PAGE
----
I’ve never really heard anyone in our party explain why we agreed to deregulation other than to say “because the banks were screaming at us to deregulate”. Well, of course they were, and now we know why, don’t we?

    We have to own the decision that we took and we need to explain why we took it and explain it in terms that the electorate who deserted us understand and hope they’ll forgive us. 

    It’s fine to say that the other fella would have done the same as us and arguably the tories would have deregulated more.

    But it was a labour government that was in charge and when you’re in charge the buck stops with you.  And its you, and only you, who is accountable for the decision that you took.

  2. iain ker says:

    Peter C Johnson nails it with…

    ‘But it was a labour government that was in charge and when you’re in charge the buck stops with you. And its you, and only you, who is accountable for the decision that you took.’

    You may argue that the Conservatives didn’t deserve to win, but tough, they are in power now (with their auxiliaries) and you’ll just have to suck it. What you seem to be forgetting is that TUCLabour certainly deserved to lose.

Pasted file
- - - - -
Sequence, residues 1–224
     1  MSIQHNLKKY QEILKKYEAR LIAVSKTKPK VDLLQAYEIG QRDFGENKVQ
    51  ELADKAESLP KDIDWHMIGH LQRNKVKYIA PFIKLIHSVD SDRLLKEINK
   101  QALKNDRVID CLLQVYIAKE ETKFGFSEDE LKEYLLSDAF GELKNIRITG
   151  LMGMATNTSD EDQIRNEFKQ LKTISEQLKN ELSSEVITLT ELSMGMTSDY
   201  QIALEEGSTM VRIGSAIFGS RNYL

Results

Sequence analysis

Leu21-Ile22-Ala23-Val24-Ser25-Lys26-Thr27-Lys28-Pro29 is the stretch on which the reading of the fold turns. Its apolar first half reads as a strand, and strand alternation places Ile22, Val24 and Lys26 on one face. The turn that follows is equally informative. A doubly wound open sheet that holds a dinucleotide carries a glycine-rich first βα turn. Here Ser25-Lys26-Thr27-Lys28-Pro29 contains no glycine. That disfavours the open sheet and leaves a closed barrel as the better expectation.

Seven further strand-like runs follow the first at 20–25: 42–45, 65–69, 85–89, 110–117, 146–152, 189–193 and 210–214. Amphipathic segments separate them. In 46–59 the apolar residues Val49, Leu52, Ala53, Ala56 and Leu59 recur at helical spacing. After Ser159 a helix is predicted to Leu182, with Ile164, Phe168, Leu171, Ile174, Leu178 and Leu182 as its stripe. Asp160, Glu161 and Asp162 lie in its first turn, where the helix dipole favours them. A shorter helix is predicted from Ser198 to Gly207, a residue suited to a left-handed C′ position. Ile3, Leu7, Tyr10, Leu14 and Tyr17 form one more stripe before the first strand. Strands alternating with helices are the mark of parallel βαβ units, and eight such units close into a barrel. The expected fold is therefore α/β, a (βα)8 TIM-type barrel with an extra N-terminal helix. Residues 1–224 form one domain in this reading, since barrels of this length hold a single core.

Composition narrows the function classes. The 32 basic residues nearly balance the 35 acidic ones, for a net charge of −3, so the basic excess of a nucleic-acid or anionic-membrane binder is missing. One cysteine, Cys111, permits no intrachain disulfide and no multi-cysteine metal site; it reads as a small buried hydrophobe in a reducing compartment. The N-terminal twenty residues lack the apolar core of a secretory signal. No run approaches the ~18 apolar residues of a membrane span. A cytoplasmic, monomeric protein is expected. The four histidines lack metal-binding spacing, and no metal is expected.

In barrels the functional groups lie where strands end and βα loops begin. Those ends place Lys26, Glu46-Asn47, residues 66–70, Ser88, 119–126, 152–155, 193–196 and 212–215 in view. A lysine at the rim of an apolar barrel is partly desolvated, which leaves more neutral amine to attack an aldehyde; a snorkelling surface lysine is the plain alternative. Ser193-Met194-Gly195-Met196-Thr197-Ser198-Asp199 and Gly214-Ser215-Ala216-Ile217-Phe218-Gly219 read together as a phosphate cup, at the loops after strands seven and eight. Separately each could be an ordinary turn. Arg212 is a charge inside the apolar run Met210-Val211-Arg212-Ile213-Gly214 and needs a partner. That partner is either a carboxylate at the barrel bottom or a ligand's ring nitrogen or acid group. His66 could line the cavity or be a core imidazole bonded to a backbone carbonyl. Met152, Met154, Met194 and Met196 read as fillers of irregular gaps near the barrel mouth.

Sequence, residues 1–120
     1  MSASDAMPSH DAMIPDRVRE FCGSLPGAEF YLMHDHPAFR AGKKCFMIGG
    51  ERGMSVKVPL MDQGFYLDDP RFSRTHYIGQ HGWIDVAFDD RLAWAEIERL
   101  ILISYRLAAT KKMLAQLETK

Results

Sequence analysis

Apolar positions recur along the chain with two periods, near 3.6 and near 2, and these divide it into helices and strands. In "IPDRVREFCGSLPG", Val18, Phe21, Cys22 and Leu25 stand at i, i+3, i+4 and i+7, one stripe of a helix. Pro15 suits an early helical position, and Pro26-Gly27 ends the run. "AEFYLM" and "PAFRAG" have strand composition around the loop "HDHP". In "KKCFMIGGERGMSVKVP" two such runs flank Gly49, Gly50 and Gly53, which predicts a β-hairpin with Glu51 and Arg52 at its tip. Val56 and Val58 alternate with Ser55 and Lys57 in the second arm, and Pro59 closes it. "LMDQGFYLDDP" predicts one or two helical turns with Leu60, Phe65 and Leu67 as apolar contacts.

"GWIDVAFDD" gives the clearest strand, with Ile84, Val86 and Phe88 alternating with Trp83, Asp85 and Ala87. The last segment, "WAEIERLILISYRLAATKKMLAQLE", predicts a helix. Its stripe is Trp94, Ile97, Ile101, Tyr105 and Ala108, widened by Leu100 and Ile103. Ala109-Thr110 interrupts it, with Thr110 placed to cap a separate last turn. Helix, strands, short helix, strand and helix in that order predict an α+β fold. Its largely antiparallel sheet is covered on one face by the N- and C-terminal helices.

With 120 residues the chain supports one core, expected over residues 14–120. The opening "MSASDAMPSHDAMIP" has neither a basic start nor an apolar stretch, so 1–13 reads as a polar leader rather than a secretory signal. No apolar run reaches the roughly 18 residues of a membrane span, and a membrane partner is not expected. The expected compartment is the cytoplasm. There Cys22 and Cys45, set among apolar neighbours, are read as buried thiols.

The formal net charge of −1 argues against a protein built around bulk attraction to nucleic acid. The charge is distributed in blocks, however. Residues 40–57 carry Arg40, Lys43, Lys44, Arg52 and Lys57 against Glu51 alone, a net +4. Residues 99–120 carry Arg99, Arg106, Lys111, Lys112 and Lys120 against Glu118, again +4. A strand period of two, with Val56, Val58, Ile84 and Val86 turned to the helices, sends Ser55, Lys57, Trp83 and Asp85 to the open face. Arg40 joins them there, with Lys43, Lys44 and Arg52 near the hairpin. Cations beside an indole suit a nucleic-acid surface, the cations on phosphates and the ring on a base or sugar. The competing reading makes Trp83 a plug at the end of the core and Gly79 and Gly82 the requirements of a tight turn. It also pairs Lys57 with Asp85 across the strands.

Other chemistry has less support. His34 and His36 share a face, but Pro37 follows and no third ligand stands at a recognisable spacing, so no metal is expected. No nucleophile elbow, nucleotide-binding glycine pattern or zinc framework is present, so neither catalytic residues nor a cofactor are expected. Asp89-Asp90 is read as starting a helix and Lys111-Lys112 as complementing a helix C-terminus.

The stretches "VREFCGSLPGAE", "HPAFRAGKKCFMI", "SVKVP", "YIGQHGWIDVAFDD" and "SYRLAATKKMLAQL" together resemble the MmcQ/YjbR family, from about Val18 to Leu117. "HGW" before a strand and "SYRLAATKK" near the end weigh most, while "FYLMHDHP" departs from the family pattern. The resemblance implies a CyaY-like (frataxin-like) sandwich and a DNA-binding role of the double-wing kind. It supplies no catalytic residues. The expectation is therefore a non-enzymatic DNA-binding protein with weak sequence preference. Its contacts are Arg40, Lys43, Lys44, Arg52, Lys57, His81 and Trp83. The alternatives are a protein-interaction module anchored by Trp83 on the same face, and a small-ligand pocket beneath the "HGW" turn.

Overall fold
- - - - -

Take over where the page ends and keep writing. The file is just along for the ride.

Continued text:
And however ‘pugilistic’ Ed Balls gets (and however important that is to you in the bubble) everyone outside TUCLabour will remember the extent to which this economic colossus was right at the heart of the Brown machine which oversaw an implosion of the banking system and the collapse of the UK economy.

    If Balls really is ‘the most formidable economist the TUCLabourParty have’ then God help you.

    You will never regain power with one or other or both of the two Eds at the helm. But if convincing yourselves otherwise makes you happy then convince yourselves otherwise.

    I’m sure George Osborne sleeps pretty well.